I want you to slow down and do it right the first time. It's your legacy!
Hurray! You found a 1940 census form you needed for your grandmother's first cousin with his wife and son.
How many steps do you need to take before moving on to something else? If you don't want to have any regrets later on, you should take all 4 steps below. What kind of regrets are we talking about?
- Working to find that census again in the future, going to add it to your tree, and realizing it was there all along.
- Thinking a relative died before the census date, then seeing you forgot to add their census facts.
Census documents are only one type of genealogy image you're going to want for your family tree. But the census is one of the most important documents, so it's a good example.
Follow these 4 steps each and every time you find a new census document for your family tree.
|Genealogy is a journey. You can't take a journey without taking steps.|
Step 1. Rename and Store the Image
Download the census sheet and name it for the head of household. My preferred format is LastnameFirstnameYear. Examples are:
File your document image away immediately. My system is logical and simple. Each of my census images goes right into the "census forms" folder.
Step 2. Annotate the Image
Add metadata to the image file itself. Metadata are the key facts you need to know about this document.
The way you do this on a Windows computer is to:
- Right-click the image and choose Properties.
- Click the Details tab.
- Fill in the Title field with a descriptive caption for the image. For example, "1920 census for Sebastiano Blancato and family". Start with the year and each person's images will sort themselves chronologically.
- Fill in the Comments field with all the details about the location and source of this image:
- the lines numbers the family is listed on
- the name of the document collection
- the image's URL
- the enumeration district, sheet number, and any other page-specific info
If you fill all that in, there's no mistaking—or forgetting—the source of this image.
Step 3. Add the Image and Facts to Your Family Tree
Attach the image to the head of household in your family tree. Now pull out all the facts you can.
- Record a Residence fact for the head of household. "12 Jan 1920, 260 East 151st Street, Bronx, Bronx County, New York, USA."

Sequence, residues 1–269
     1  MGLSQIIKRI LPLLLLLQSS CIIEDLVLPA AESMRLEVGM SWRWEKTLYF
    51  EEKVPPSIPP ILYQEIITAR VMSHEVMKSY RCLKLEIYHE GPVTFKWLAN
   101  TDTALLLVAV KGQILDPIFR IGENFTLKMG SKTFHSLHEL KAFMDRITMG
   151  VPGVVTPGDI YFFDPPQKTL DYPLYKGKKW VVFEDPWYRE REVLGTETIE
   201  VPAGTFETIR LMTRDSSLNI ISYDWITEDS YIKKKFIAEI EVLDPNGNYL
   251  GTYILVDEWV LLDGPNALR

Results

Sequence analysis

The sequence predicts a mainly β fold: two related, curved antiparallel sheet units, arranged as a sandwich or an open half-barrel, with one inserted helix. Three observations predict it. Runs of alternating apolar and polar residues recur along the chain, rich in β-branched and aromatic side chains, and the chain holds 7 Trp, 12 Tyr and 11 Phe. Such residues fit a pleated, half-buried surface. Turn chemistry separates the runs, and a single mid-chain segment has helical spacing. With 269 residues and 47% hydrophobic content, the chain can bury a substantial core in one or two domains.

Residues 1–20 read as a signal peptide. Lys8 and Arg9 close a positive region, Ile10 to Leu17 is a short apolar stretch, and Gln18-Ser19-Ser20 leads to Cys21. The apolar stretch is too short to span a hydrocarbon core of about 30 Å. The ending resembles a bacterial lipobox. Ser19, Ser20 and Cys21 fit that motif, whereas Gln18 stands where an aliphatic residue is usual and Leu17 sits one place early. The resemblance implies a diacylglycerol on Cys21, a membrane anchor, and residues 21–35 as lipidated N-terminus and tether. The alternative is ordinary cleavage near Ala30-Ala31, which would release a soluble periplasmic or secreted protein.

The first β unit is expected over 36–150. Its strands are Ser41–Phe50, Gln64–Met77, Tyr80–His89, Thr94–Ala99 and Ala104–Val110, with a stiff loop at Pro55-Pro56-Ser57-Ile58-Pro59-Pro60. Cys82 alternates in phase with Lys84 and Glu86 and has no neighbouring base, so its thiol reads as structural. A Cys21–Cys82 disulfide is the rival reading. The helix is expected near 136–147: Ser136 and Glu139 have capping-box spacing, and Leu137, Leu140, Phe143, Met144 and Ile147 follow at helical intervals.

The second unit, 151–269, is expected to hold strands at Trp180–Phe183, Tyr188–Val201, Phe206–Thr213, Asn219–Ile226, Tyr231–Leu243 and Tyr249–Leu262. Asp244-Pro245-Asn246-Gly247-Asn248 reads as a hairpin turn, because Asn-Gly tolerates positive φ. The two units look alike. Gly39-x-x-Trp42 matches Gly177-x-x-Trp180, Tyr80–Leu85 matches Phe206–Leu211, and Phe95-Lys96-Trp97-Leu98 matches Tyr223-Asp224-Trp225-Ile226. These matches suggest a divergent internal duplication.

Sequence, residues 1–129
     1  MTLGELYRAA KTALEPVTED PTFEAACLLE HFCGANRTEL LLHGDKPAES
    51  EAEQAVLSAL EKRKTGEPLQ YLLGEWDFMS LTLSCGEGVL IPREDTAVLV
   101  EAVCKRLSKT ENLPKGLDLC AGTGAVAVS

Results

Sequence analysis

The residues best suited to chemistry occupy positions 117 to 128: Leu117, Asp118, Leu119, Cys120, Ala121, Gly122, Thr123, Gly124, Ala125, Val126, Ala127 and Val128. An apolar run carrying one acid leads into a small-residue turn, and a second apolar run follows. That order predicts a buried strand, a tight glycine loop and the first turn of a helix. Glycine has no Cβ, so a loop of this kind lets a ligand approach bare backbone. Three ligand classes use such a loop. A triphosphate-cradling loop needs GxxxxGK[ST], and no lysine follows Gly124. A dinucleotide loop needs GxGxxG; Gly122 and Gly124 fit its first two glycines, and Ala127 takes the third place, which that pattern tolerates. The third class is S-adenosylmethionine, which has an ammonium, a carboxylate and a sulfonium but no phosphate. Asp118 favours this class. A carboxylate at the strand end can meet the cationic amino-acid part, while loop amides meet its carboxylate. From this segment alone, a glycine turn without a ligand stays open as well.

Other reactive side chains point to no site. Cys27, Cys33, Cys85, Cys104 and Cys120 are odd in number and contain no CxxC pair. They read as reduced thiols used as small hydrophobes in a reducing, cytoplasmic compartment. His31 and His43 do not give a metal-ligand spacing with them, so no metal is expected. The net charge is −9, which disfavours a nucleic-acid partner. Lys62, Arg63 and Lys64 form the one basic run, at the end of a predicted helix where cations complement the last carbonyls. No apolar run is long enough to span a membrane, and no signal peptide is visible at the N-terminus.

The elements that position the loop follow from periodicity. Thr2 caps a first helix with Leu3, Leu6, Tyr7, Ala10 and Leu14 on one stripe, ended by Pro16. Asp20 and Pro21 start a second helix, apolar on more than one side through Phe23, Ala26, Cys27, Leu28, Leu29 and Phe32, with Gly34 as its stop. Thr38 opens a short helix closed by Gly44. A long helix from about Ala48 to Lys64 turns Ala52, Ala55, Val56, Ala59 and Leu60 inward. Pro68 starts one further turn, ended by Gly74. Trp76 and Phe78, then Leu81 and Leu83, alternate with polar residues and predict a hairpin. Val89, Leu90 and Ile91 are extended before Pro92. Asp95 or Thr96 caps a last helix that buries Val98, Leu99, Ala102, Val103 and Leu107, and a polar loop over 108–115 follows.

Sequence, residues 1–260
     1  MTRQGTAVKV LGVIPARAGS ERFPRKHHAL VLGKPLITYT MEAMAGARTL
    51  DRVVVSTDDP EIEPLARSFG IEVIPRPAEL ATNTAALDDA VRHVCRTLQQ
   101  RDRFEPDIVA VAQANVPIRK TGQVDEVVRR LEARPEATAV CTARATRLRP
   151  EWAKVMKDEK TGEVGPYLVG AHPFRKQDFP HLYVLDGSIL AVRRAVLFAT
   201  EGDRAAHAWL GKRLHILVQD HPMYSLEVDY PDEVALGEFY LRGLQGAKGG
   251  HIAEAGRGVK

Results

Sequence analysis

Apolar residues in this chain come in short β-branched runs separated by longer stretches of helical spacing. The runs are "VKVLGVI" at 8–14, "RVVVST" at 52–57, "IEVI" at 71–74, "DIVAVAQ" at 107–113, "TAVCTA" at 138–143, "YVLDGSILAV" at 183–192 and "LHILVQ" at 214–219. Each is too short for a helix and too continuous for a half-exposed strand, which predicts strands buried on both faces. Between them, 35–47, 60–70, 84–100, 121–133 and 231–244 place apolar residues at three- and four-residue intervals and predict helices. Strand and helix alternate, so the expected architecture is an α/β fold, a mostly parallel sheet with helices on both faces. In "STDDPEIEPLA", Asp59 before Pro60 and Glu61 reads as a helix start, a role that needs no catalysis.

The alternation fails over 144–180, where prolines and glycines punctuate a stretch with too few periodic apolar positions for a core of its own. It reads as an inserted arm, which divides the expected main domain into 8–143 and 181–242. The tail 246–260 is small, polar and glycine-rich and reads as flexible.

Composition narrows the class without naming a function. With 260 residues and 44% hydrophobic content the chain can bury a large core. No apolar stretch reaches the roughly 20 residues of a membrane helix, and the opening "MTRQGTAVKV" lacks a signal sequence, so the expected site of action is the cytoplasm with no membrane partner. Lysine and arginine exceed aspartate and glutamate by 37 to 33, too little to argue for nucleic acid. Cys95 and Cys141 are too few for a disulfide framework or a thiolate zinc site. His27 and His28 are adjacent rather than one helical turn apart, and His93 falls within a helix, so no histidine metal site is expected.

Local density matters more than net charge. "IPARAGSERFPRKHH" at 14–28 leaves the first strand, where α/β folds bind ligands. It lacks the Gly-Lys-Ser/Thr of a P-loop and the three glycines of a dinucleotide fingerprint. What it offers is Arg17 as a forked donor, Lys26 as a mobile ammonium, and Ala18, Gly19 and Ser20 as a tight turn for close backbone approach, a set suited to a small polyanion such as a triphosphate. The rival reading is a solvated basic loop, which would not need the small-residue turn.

- Record an Occupation fact for the head of household. "19 Jan 1920, building painter in Bronx, Bronx County, New York, USA."
|Everyone who lived in that household needs the facts on their census sheet.|
Now add the same image and Residence fact to each family member listed in that census. You don't have to attach another copy of the image to each person. The image is there, so share it with each person in the household.
See who else in the household has a job, and give them an Occupation fact.
Search for other facts that matter to you:
- Does it say how long the couple has been married? If so, figure out their marriage year and use this census as your source.
- Does it say when they immigrated?
- Are they naturalized?
- Is someone widowed?
- Is anyone living with them who's not in the immediate family?
- Is the wife's family in the same building?
These are all good facts to record.
Step 4. Keep Track of What You Found
Let future-you know you've got this image. I record all my found documents in a spreadsheet I call my document tracker. In the Census column, I add the year of this newly found census image to each member of the household. If I don't do this immediately, my inventory will be unreliable.
|Do this as you go, and it isn't such a chore. It's worth it.|
Now, Make it a Routine
If you take your time, get into this groove, and follow all the steps, you'll only handle each census image once. You'll have everything perfectly documented from the start. You'll greatly reduce your own human error. You'll save yourself from searching for documents you've already got.
I follow these rules for each type of document image I find.
If it's a birth record, I add the baby and all their facts (birth date, baptism date, birth address). I make sure I have the correct names for the parents. I decide if the parents' ages in this new document are more reliable than what I currently have for them. I add their occupations if they're included.
If it's a marriage record:
- I record the dates of their marriage banns, license, and marriage, if available.
- I record the bride and groom's birth dates, their parents' names and ages.
- I note any occupations and addresses.
- I add a title and description to each image before putting it in my family tree.
- I attach all documents to the groom and share them with the bride.
- Finally, I add a notation to my document tracker for both bride and groom.
When I've been adding documents to my tree all day, following all these rules, it takes quite a bit of time. When it's getting late, and I'm only able to add one more document before calling it quits, I have to steel myself. I know how important it is to the quality of my family tree that I do it right—and do it thoroughly—the first time.
Is your document-processing routine fortifying your family tree?